Apple partners with Nike on iPod for runners

Summary:Nike and Apple announced a partnership targeting runners and iPod users. Tune your run is a way to use the iPod to track data captured in the soles of new Nike running shoes.

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Nike and Apple announced a partnership targeting runners and iPod users. Tune your run is a way to use the iPod to track data captured in the soles of new Nike running shoes.

You don't just take iPod nano on your run. You let it take you. Music is your motivation. But what if you want to go further? Thanks to a unique partnership between NIKE and Apple, your iPod nano becomes your coach. Your personal trainer. Your favorite workout companion. Introducing Nike+iPod.

Nike+ compatible running shoes range from US$85 (Air Max Moto+, available 1 June) to US$130 (Air Zoom Moire, 13 July). The other hardware you'll need is the Nike+iPod Sport Kit, a US$30 package that includes a 0.23 ounce in-shoe sensor and a 0.12 ounce receiver that attaches to the iPod. The kit is expected to ship within 60 days.

The new bionic shoe/iPod combination will work together to track information on time, distance, calories burned and pace and store it on the iPod. In addition, real-time stats will be displayed on-screen and audible feedback is heard through your headphones. When you get home you can sync the captured data with your Mac. In addition a new Nike Sport Music section on the iTunes Music Store and a new nikeplus.com personal service site help maximize the Nike+iPod experience.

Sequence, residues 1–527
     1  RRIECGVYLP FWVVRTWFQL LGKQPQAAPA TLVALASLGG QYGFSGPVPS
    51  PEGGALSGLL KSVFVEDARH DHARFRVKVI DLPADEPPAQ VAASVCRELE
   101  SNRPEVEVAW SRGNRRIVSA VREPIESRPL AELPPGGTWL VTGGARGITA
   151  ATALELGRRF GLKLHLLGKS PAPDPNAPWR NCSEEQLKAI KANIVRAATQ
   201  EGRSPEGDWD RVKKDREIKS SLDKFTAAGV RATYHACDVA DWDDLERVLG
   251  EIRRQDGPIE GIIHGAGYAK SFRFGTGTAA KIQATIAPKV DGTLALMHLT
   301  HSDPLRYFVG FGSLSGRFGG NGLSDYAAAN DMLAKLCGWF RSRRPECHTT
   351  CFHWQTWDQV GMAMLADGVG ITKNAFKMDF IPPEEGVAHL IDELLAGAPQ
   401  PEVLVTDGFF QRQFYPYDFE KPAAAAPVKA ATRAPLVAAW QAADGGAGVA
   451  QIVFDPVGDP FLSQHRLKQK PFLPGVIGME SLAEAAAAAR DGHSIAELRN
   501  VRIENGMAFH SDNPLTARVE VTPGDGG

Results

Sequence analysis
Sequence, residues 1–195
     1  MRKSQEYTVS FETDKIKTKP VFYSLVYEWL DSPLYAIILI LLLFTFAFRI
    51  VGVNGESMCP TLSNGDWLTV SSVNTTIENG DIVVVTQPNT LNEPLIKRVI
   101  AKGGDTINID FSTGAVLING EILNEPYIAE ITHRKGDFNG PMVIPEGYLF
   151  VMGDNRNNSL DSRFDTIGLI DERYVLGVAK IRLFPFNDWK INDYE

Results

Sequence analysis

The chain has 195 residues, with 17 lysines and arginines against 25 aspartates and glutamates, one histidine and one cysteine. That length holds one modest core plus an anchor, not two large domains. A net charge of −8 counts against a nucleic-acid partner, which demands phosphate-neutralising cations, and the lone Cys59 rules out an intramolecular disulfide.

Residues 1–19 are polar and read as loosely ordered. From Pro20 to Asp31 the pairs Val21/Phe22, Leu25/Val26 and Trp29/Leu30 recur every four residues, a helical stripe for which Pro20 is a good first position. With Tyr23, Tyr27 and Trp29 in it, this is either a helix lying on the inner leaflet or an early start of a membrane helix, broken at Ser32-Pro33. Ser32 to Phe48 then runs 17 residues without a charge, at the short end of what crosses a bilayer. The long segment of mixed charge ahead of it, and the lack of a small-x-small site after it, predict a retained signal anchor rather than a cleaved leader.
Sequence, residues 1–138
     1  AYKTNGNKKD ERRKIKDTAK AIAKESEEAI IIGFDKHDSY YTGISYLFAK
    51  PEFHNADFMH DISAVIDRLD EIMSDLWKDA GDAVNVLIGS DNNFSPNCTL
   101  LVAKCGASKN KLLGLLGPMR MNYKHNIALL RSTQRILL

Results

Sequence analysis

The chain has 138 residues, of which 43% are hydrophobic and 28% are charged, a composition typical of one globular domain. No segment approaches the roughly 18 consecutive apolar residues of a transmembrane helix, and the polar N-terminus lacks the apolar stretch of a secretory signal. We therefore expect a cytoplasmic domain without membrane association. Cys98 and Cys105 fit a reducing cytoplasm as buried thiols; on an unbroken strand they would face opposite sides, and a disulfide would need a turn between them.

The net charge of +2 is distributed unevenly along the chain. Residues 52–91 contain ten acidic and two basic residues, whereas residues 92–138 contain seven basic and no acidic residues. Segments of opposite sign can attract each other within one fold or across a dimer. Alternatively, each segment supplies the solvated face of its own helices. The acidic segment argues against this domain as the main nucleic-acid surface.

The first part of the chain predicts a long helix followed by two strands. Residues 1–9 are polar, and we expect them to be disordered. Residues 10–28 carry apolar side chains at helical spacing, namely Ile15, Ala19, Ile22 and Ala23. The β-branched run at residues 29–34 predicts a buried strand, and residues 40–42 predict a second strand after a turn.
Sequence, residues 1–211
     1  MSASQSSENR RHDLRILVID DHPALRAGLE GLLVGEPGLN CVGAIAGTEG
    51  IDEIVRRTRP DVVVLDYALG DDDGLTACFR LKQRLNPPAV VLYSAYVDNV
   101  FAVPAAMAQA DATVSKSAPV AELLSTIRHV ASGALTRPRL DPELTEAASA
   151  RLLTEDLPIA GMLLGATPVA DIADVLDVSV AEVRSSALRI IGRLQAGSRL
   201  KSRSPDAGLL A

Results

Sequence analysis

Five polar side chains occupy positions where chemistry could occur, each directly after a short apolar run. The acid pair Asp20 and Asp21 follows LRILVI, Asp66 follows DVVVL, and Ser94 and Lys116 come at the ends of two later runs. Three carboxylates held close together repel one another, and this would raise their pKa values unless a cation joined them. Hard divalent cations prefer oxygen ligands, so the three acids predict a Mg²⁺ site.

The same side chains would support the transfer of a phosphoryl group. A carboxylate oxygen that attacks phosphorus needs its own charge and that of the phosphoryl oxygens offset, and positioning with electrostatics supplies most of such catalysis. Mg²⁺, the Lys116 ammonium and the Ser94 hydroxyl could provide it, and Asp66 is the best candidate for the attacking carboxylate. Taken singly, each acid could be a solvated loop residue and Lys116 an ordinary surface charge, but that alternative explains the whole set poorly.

I'm not even a runner and I want a pair of these bad boys. 

Conspiracy theorists hoping that the iPod dongle was a forbearer to a wider Bluetooth announcement will be disappointed to learn that the Nike+ iPod transponder uses a proprietary 2.4 GHz signal to transfer information to the iPod. This means that third party manufacturers won't be making wireless accessories (i.e. headphones) for Nike+ any time soon. 

But that's Ok with me, Bluetooth iPod headphones are bound to be a disappointment if the abysmal range and mediocre sound quality of today's mobile phone headsets are any indication.

Am I the only person in the world that doesn't want Bluetooth headphones for his iPod? 

Topics: Apple

About

Jason D. O'Grady developed an affinity for Apple computers after using the original Lisa, and this affinity turned into a bona-fide obsession when he got the original 128 KB Macintosh in 1984. He started writing one of the first Web sites about Apple (O'Grady's PowerPage) in 1995 and is considered to be one of the fathers of blogging.... Full Bio

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